This ought to show you how badly we need tort reform in this country. Jeez!! Now even the judges are filing frivolous suits (pun intended).
This morning in the nation’s capital, a local judge will go to civil court to claim that he is owed $54 million from a local dry cleaner who he says lost his pants.
The case gained national attention soon after the lawsuit was filed. The pants are expected to be introduced into evidence, although the judge says the pants are not his, and the correct pants are still missing.
The sartorial loss caused Washington, D.C., administrative law judge Roy Pearson to suffer what he calls severe “mental suffering, inconvenience and discomfort.”
The defendants, who own Custom Cleaners in the Fort Lincoln section of the district, told ABC News last month that they, too, are feeling inconvenience and discomfort.
The trouble began over a $10 dry cleaning bill for a pair of prized pants, Pearson said. That figure ballooned to $67 million dollars, but in recently amended court filings, Pearson now said he is only seeking $54 million. Last week, his term on the bench reportedly expired. It’s unclear whether it will be renewed.
The lawsuit is based in large part on Pearson’s contention that he was taken in by the “Satisfaction Guaranteed” sign hanging on the store’s wall. Pearson said at one point in court papers that he planned to call 63 witnesses. Pearson is expected to testify in the civil trial..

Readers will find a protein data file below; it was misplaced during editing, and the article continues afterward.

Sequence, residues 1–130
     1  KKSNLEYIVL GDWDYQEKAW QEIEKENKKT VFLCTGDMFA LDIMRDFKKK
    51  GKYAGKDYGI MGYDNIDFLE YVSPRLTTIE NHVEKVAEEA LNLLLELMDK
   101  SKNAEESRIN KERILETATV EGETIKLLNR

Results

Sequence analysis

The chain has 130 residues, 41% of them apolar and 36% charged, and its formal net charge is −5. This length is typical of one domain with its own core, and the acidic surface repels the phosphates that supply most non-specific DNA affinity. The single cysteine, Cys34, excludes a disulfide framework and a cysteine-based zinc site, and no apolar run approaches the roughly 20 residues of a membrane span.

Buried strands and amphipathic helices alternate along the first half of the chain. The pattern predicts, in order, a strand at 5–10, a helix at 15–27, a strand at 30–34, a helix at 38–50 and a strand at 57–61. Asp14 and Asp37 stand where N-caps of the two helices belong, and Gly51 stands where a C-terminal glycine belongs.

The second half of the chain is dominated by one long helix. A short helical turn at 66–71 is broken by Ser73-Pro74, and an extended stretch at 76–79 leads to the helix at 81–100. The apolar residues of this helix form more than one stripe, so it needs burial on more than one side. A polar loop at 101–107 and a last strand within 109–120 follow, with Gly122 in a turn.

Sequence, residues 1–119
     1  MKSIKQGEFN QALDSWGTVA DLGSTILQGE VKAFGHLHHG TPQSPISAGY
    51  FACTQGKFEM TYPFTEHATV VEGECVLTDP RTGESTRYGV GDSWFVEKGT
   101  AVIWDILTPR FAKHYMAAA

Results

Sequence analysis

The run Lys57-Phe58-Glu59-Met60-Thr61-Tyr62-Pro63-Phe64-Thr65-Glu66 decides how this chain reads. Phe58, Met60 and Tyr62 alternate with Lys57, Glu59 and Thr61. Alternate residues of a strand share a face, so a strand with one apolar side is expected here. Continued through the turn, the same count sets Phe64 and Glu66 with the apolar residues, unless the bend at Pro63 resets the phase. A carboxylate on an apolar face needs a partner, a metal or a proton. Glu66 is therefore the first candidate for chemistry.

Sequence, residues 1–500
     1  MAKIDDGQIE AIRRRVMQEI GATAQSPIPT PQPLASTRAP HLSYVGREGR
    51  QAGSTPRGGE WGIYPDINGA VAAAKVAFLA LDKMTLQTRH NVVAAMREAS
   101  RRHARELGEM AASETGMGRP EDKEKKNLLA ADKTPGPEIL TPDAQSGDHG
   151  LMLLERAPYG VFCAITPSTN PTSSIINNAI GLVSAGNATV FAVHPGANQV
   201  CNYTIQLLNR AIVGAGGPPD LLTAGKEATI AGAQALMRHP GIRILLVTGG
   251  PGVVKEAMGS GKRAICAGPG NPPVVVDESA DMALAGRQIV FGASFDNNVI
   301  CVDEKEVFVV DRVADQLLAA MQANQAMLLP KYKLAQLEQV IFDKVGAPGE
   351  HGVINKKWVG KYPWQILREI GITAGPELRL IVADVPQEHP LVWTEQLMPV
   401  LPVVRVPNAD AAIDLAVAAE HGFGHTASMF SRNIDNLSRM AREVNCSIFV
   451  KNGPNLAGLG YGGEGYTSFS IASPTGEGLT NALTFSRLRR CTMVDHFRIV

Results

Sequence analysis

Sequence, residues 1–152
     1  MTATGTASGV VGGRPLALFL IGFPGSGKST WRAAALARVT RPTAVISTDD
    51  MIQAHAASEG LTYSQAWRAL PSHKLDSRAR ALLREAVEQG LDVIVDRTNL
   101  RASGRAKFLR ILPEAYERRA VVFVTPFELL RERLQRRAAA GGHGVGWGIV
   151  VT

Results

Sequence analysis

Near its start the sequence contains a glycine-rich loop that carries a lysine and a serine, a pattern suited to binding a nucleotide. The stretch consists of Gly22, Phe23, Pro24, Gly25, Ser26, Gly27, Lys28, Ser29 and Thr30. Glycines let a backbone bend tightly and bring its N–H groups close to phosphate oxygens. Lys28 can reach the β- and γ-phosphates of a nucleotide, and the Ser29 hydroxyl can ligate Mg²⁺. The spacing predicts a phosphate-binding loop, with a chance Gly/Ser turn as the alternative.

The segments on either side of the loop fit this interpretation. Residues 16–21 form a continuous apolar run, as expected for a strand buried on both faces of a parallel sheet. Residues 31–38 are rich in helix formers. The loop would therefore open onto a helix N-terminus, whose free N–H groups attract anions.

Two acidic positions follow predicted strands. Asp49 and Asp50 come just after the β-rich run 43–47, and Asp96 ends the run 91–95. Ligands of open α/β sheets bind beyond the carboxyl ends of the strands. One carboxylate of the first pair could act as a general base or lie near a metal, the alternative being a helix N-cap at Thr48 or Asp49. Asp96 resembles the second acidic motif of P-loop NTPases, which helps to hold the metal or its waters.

Defending themselves against the suit — for two years running — are Korean immigrants Jin and Soo Chung and their son, who own Custom Cleaners and two other local dry cleaning shops.
Pearson said this is not the first pair of his pants Custom Cleaners has lost. In court papers Pearson said that he took a pair of pants into Custom Cleaners in 2002 and the pants were lost.
So the Chungs gave Pearson a $150 check for a new pair of pants. Three years later, Pearson said he returned to Custom Cleaners and, like some real-life “Groundhog Day” nightmare, another pair of trousers went missing. Again.
It was May 2005 and Pearson was about to begin his new job as an administrative judge. He said in court filings he wanted to wear a nice outfit to his first day of work. He said that he tried on five Hickey Freeman suits from his closet, but found them all to be “too tight,” according to the Washington Post, which first reported the story. Pearson said he brought one pair in for alterations and they went missing — gray trousers with what Pearson described in court papers as blue and red stripes on them.